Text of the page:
a pair of second leg assemblies pivoted at their upper ends to the underside of the seat plate at locations adjacent to said side edges of the seat plate and adjacent to the second end edge and the second end edge corners of the seat plate, said second leg assemblies being equally spaced at opposite sides of the first leg assembly and converging inwardly toward each other and toward said single leg assembly, said leg assemblies being similar to each other, first means pivoting the single leg assembly to the seat plate to swing on an axis parallel to said first end edge, and second means individually pivoting said second leg assemblies to the seat plate to swing on axes which are inwardly angled relative to the side edges of the seat plate and which converge toward the first leg assembly, said first and second means comprising brackets fixed to the underside of the seat plate, said brackets having outer and inner ends and depending laterally spaced flanges extending therealong, the upper ends of the leg assemblies being disposed between the bracket flanges and pivoted thereto at the outer ends of the brackets, and diagonal brace means extending between the leg assemblies and related ones of the brackets, said brace means comprising closed longitudinal slots formed in one of the bracket flanges, said slots having outer and inner ends, brace bars having outer ends pivoted -to the leg assemblies at points spaced below the upper ends of the leg assemblies, said brace bars having inner ends having lateral pins slidab'ly engaged through slots of bracket flanges, and longitudinal extensions on the inner ends of the brace bar engageable with the underside of the seat plate in the operative downwardly and outwardly swung positions of the leg assemblies.

2. A collapsible stool comprising a flat seat plate having first and second opposed end edges and opposed side edges, the intersections of edges defining corners, a single first leg assembly pivoted at its upper end to the underside of the seat plate at a location near to said first end edge and spaced centrally between the first edge corners, said single leg being normal to said first end edge, a pair of second leg assemblies pivoted at their upper ends to the underside of the seat plate at locations adjacent to said 7 side edges of the seat plate and adjacent to the second end edge and the second end edge corners of the seat plate, said second leg assemblies being equally spaced at opposite sides of the first leg assembly, said leg assemblies being similar to each other, first means pivoting the single leg assembly to the seat plate to swing on an axis parallel to said first end edge, and second means individually pivoting said second leg assemblies to the seat plate, said first and second means comprising brackets fixed to the underside of the seat plate, said brackets having outer and inner ends and depending laterally spaced flanges extending therealong, the upper ends of the leg assemblies being disposed between the bracket flanges and pivoted thereto at the outer ends of the brackets, and diagonal brace means extending between the leg assemblies and related ones of the brackets, said brace means comprising closed longitudinal slots formed in one of the bracket flanges, said slots having outer and inner ends, brace bars having outer ends pivoted to the leg assemblies at points spaced below the upper ends of the leg assemblies, said brace bars having inner ends having lateral pins slidably engaged through slots of References Cited in the file of this patent UNITED STATES PATENTS 605,370 Adams June 7, 1898 749,670 Gardner Jan. 12, 1904 766,988 Bun-owes Aug. 9, 1904 1,112,944 Stone Oct. 6, 1914 1,653,406 Neubert Dec. 20, 1927 1,705,347 Vaughan Mar. 12, 1929 2,039,642 Flint May 5, 1936 2,540,875 Genge Feb. 6, 1951 FOREIGN PATENTS 25,826 Great Britain 1896 353,228 Germany May 13, 1922 839,614 Germany May 23, 1952 744,192 Great Britain Feb. 1, 1956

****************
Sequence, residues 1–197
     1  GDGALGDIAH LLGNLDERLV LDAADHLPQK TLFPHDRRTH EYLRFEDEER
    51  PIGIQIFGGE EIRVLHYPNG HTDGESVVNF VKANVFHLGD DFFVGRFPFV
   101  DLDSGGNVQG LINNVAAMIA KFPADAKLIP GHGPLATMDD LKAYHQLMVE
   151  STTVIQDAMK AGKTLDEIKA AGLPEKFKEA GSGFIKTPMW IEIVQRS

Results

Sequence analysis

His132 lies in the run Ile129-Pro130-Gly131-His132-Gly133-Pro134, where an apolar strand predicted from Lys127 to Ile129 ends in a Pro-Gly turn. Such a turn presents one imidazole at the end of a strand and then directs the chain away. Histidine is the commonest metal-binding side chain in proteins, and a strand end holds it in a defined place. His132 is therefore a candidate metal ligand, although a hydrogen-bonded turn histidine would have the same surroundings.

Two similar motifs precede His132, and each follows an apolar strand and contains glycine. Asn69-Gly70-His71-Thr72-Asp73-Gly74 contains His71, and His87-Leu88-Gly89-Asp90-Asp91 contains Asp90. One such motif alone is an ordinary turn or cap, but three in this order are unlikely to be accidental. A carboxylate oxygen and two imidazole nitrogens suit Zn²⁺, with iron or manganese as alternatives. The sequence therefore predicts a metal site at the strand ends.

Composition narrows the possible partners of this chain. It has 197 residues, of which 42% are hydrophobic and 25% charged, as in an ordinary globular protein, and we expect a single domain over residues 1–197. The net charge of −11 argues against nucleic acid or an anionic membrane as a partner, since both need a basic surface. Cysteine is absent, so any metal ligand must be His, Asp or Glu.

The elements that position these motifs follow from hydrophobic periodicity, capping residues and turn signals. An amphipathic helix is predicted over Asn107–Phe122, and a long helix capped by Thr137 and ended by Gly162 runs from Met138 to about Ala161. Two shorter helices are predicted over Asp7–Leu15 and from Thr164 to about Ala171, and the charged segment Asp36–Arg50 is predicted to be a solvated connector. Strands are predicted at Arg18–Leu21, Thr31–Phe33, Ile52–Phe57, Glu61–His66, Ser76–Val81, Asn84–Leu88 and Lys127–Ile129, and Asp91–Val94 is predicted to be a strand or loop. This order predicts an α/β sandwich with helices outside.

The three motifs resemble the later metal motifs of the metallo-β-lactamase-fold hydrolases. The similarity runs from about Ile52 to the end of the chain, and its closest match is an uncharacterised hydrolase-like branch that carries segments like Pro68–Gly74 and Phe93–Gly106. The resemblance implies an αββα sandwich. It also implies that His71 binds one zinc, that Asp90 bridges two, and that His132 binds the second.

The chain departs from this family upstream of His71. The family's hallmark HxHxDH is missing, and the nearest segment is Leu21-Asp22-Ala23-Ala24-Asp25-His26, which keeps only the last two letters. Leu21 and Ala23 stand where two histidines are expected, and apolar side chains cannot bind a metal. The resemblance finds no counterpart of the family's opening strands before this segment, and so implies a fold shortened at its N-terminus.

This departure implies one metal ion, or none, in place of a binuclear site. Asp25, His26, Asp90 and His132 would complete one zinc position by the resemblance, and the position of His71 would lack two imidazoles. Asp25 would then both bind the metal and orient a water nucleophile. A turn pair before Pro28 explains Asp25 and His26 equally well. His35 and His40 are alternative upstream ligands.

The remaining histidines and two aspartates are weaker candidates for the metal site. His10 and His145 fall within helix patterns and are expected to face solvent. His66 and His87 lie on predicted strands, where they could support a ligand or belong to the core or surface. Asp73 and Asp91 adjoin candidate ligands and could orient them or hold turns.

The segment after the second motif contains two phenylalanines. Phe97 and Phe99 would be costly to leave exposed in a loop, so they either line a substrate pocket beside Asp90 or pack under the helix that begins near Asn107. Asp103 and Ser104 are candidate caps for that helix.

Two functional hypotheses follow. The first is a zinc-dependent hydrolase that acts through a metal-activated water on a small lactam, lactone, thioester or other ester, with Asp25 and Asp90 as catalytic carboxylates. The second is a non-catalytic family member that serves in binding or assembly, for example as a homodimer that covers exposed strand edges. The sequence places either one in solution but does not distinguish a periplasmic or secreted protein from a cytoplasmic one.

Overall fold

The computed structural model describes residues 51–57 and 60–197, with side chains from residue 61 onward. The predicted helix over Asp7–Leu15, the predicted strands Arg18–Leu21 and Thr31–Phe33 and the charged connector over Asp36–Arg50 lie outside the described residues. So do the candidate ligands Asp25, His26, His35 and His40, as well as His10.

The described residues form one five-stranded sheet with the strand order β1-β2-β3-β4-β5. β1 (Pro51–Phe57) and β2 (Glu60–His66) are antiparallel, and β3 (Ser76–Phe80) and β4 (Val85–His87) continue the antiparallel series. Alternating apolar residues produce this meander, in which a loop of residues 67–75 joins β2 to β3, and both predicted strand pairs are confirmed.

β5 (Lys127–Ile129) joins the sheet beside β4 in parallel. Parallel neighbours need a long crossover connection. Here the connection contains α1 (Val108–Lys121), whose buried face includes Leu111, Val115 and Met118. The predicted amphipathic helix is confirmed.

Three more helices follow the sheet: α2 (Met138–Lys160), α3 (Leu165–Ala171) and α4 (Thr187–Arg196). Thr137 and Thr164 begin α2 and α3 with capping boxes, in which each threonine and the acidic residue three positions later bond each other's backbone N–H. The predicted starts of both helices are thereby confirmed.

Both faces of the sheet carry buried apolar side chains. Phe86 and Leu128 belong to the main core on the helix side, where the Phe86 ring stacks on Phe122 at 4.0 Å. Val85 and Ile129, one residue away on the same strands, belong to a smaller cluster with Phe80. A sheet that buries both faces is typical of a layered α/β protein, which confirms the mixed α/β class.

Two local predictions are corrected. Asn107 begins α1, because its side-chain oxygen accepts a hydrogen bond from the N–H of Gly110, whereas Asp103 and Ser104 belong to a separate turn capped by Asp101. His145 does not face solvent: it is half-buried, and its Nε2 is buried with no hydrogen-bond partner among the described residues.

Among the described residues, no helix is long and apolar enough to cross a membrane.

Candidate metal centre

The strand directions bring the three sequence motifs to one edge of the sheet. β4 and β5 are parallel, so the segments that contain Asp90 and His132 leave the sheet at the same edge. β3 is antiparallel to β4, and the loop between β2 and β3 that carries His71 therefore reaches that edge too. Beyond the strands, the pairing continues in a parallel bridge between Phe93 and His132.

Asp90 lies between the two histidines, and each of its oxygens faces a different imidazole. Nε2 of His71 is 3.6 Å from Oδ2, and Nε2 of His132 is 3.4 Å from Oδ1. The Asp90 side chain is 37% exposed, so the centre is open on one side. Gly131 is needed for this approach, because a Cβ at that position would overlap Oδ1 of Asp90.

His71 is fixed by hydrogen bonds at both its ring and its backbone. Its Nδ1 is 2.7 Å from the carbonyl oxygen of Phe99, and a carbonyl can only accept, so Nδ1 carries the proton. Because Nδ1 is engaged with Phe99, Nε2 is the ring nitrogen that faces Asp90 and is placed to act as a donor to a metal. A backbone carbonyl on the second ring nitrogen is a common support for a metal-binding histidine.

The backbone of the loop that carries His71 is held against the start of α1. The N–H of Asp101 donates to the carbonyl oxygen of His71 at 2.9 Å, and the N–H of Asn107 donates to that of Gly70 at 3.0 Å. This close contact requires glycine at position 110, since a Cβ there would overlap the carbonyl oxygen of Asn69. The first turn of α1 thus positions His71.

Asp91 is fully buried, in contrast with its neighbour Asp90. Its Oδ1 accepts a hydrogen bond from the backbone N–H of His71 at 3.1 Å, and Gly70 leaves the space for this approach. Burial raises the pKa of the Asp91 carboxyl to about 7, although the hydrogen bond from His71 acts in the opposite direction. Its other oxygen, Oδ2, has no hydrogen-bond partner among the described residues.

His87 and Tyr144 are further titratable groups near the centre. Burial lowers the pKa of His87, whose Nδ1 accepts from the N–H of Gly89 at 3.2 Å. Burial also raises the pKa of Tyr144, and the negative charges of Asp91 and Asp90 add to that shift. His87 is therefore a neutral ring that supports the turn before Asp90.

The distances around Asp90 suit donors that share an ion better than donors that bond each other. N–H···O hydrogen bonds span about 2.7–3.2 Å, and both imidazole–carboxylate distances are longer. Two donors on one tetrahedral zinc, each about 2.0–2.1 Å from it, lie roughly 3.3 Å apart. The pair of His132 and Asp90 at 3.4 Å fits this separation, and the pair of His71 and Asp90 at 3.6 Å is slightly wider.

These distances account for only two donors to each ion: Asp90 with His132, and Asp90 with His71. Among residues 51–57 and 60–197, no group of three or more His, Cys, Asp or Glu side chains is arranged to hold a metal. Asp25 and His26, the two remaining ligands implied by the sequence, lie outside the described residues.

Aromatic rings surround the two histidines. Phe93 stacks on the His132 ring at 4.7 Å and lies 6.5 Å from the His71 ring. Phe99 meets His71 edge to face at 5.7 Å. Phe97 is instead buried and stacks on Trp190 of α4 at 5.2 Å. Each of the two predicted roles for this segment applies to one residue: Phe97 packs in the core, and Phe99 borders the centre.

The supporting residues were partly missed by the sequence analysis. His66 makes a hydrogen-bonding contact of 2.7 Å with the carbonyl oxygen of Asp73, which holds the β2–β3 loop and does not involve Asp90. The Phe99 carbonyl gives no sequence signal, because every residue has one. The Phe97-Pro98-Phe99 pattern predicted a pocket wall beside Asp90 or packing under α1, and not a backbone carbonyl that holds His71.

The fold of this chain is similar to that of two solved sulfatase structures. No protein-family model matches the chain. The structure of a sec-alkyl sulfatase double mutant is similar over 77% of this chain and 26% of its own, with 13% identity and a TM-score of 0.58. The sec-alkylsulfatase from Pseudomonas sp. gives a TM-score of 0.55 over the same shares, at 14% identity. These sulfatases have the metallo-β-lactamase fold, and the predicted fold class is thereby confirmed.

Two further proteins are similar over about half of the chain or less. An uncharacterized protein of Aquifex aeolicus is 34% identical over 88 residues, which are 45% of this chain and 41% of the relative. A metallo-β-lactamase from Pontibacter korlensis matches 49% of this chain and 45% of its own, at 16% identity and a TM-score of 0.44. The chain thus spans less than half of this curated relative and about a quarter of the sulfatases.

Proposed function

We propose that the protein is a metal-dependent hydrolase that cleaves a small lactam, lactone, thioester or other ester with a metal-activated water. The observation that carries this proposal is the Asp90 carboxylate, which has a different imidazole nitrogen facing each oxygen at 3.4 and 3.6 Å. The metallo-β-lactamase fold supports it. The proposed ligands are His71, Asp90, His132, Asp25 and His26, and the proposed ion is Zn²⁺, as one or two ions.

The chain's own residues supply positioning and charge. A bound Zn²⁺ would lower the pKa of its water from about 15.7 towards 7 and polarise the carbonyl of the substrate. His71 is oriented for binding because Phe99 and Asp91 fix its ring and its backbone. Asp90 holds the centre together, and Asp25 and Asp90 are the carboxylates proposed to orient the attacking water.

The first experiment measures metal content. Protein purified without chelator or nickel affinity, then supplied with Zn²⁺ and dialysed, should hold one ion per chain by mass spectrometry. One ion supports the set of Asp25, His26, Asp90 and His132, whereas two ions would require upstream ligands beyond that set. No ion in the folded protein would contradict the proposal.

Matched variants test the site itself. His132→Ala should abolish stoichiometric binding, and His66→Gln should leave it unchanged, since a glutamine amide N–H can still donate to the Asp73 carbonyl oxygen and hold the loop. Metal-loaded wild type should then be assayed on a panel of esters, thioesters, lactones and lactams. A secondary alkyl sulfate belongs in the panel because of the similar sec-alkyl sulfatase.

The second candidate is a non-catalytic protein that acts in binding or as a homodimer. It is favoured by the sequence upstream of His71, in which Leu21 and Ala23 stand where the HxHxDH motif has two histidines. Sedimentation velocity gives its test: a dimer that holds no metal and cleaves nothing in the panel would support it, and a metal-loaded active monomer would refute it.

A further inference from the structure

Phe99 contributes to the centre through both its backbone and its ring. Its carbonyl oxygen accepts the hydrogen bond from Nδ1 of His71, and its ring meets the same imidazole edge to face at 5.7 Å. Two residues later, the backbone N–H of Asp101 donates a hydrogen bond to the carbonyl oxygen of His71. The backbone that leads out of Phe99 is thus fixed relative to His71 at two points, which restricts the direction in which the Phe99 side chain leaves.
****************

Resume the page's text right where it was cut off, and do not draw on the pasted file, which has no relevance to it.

Patent Citations
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US605370 *Sep 28, 1897Jun 7, 1898 Trestle
US749670 *Dec 26, 1902Jan 12, 1904 James gardner
US766988 *Mar 20, 1903Aug 9, 1904Edward T BurrowesFolding table.
US1112944 *May 14, 1913Oct 6, 1914Folding Stand Company IncFolding type-writer support.
US1653406 *Oct 9, 1926Dec 20, 1927Louis Neubert RobertDoor latch and holder
US1705347 *May 12, 1926Mar 12, 1929Francis E TowerFolding structure
US2039642 *Aug 4, 1934May 5, 1936Flint Hyland CIroning table
US2540875 *Nov 30, 1948Feb 6, 1951Harold T GengeFolding table with crosslegs
DE353228C *May 13, 1922Emil GutzeitZusammenlegbarer Stuhl mit unter den Sitz klappbaren Beinen
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Referenced by
Citing PatentFiling datePublication dateApplicantTitle
US3081059 *Jun 2, 1961Mar 12, 1963Boeing CoSeat base
US3491705 *Mar 6, 1968Jan 27, 1970Blanke Bertram CCombination bed table
US3817483 *Oct 2, 1972Jun 18, 1974Garvey FCombination sport seat and walking stick
US3859930 *Mar 29, 1973Jan 14, 1975Sherwin Peter GTiltable tray with pivotally mounted legs having extensible feet
US4706648 *Sep 2, 1986Nov 17, 1987Emmitt BlountAsh catcher for fireplace insert
US5067417 *Feb 22, 1990Nov 26, 1991Enzo MarmentiniFoldable light weight table
US5848822 *Apr 1, 1997Dec 15, 1998Wu; Tien TzuFolding collapsible chair
US7549702 *Apr 30, 2007Jun 23, 2009Amg Medical Inc.Foldable bath seat
US8308230 *Apr 22, 2010Nov 13, 2012Wonderland Nurserygoods Company LimitedLeg frame and child chair having the same
US8465090 *Jun 6, 2011Jun 18, 2013Joel Brandon O'ConnorChair for use during wade fishing
US8882189Apr 25, 2012Nov 11, 2014Cosco Management, Inc.Folding furniture
US20110074187 *Apr 22, 2010Mar 31, 2011Zhong Zhi-RenLeg frame and child chair having the same
Classifications
U.S. Classification108/116, 297/183.1
International ClassificationA47C4/20, A47C4/00
Cooperative ClassificationA47C7/008, A47C4/20, A47C9/10
European ClassificationA47C7/00B6, A47C4/20, A47C9/10